VI-1-i - A.L.S. - (French) - 2pp. - 8vo. - {1}

1855 Feb. 5
Semmes, T(homas) J.: New Orleans, Louisiana
 to Orestes A. Brownson: Boston, Massachusetts

The writer encloses a circular from the newly organized Catholic Institute of New Orleans and asks what compensation Brownson would require for lecturing before the Institute. Any subject will do. Coming so far will necessitate his speaking several times. He believes that the month of April will be the best time. He says most any subject will be suitable and asks for an immediate response to this invitation.

I-3-l - A.L.S. - 2pp. - 12mo. - {2}

1855 Feb. 6
Chardey, R.: Havre, (France)
 to Archbishop (Anthony Blanc: Lyons, France?)

Yesterday on receipt of (Blanc)'s letter from Lyons, Chardey went to Father (G.) Herval's to tell him the contents; he was out. Returning there this morning he learned that Herval had replied yesterday to (Blanc)'s letter to him. The St. Louis although a solid ship was built especially for cruising along the American coasts and so is unsuitable for transatlantic navigation. This is the general opinion. Chardey thinks it would be prudent to go from Liverpool, on the steamer for Boston or New York. The enclosed bulletin will give the names of the steamers and their Paris office. (Blanc)'s support among his friends in New Orleans will be very much appreciated since Chardey is the father of a young and numerous family. The house of P(aul) Rousselon, with whom Chardey has had connections for a long time has always shown him such kindness that he is happy to be useful to these gentlemen or their friends. (P.S.) The Hermann will also be leaving Southampton on the 28th. Herval having kept (Blanc)'s place on the Saint Louis only conditionally it will no doubt be possible to cancel without having to pay.

- A.L.S. -


1855 Jan. 31
British and North American Royal Mail:
Steam Packet Company Havre, (France)

A printed schedule for the steamboats of this line between Havre and Liverpool and Liverpool and the United States. Boats listed are the Commodore, Shamrock, Margaret and Delta, the Baltic, Canada, and Pacific. Donald Currie is the agent in Paris and Havre.

- Printed Schedule -

VI-1-i - A.L.S., Printed Schedule - (French) - 3pp. - 4to. & 12mo. - {5}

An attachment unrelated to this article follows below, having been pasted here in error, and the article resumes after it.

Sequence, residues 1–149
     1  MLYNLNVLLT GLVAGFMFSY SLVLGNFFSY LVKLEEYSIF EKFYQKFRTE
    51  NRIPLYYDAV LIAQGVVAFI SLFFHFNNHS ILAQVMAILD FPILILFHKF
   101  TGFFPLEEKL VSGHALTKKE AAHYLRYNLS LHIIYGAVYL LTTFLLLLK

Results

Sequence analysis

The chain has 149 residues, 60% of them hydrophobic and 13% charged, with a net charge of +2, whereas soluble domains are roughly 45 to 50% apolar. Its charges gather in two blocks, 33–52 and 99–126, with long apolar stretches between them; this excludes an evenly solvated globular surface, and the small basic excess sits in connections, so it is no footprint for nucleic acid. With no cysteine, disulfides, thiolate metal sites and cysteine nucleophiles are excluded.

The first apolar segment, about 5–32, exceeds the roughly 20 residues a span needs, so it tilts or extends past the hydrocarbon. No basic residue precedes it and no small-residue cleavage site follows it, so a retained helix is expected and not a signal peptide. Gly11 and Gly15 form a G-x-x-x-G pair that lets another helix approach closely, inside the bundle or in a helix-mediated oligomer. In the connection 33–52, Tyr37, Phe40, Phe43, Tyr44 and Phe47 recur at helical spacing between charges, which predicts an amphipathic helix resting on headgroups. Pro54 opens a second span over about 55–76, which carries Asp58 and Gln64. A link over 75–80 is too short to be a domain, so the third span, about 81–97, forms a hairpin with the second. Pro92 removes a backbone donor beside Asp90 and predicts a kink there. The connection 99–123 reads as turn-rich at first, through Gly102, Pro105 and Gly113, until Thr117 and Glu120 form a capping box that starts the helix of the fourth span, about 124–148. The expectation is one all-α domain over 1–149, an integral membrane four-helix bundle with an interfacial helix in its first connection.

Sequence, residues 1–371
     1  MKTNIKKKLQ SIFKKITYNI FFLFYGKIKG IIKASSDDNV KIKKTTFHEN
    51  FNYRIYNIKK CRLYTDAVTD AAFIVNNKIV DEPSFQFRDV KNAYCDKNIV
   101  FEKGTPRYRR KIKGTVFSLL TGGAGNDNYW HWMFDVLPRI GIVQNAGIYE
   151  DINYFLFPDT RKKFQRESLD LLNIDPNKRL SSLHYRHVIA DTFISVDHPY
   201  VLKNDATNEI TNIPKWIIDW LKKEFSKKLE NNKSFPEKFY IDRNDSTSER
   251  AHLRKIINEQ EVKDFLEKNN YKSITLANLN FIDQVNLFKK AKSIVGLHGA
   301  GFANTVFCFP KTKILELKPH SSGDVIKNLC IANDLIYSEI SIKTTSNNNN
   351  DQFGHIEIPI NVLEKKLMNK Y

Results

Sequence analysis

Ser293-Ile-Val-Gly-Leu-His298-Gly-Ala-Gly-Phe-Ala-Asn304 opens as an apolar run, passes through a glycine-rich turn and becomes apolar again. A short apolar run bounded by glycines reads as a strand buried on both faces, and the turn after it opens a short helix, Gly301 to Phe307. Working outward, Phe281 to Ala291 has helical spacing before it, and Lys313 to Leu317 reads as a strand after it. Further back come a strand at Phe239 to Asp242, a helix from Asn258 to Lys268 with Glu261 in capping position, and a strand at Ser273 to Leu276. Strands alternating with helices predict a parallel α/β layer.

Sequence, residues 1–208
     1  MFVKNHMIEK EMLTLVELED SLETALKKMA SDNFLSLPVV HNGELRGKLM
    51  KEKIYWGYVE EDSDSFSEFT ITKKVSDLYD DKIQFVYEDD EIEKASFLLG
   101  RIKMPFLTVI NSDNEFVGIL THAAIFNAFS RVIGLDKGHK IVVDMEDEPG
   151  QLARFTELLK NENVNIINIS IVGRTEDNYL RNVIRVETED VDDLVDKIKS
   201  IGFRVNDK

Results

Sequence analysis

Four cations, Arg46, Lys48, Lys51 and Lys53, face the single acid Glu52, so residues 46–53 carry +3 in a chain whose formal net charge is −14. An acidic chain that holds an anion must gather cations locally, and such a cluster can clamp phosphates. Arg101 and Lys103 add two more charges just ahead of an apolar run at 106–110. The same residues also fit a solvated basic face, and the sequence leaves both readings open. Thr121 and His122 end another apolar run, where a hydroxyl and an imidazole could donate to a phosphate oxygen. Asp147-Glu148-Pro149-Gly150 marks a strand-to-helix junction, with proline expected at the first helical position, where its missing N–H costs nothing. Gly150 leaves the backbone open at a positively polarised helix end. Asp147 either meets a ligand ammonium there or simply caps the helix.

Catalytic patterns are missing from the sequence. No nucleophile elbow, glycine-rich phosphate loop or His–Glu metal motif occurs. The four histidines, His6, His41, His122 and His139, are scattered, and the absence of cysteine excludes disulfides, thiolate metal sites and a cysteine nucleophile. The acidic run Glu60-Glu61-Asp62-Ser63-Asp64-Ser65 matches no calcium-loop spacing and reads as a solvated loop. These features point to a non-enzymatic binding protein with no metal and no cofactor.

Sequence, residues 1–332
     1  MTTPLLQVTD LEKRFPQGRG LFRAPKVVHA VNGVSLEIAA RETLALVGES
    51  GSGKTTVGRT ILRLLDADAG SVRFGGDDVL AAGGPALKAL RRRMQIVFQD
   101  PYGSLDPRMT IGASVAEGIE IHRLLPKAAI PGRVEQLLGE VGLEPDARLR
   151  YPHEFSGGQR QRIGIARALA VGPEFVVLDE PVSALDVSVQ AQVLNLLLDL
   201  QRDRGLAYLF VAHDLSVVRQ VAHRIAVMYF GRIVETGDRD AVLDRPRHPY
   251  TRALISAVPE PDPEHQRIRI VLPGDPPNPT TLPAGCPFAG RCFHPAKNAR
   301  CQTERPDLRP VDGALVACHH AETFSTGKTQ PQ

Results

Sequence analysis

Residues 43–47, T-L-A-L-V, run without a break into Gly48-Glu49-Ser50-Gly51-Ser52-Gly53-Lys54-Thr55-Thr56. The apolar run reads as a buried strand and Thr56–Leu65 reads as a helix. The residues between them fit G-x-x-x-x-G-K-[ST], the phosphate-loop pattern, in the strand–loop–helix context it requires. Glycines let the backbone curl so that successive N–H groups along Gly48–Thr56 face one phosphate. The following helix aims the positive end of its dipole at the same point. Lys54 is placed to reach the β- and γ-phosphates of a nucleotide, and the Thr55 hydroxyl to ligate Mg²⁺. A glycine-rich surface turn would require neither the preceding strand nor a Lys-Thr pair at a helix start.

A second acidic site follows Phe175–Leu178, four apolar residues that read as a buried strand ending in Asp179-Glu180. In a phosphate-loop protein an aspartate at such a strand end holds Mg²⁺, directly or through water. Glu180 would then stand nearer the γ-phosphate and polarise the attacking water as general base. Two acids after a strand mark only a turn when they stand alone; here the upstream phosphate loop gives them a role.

1855 Feb. 6

Michigan. Legislative Session, 1855.

A (handwritten) copy (apparently in the handwriting of Bishop Peter Paul Lefevere) of an act for the incorporation of charitable societies passed by the Legislature of Michigan at its regular session in the year 1855. (marked No. 20).

III-2-i - D. (Copy) - 3pp. - folio - {1}

1855 Feb. 7
Lyons, Father M.P.: Thibodaux, (Louisiana)
 to Father (Stephen Rousselon: New Orleans, Louisiana)

Lyons has been here now for the last 14 months, in a place where he is not of the least service. It is surprising that (Rousselon) should be so mistaken. He may have considered Lyons' knowledge of the French more extensive and his ministry more widely spread than they are. He has hesitated to broach the question, assured that the Archbishop would act up to his promises. It is painful when he considers the scarcity of priests in N(ew) Orleans to be here idle. His action does not proceed from any animosity between him and his pastor.

VI-1-i - A.L.S. - 2pp. - 12mo. - {1}

1855 Feb. 7
Rouquette, Father Adrian Mandeville: St. Tammany, L(ouisian)a
 to O(restes) A. Brownson: (Boston, Massachusetts)

He is very much a follower of Brownson's doctrines. For some months he has been astonished to see the Catholic presses attacking Brownson; but it is the inevitable and glorious fate of every writer who dares speak the truth. He compliments him on his article "Native Americanism" and says it was necessary. He hopes Brownson will pardon his small opinion. He hopes Brownson doesn't think that he has any part in the editing of the Propagateur Catholique. He disapproves very much of the spirit and form of the paper. He will keep him in his prayers. He is sending him a book on the Holy Way of the Cross by Marie Bourdon, and he thinks it contains all the science of the Saints.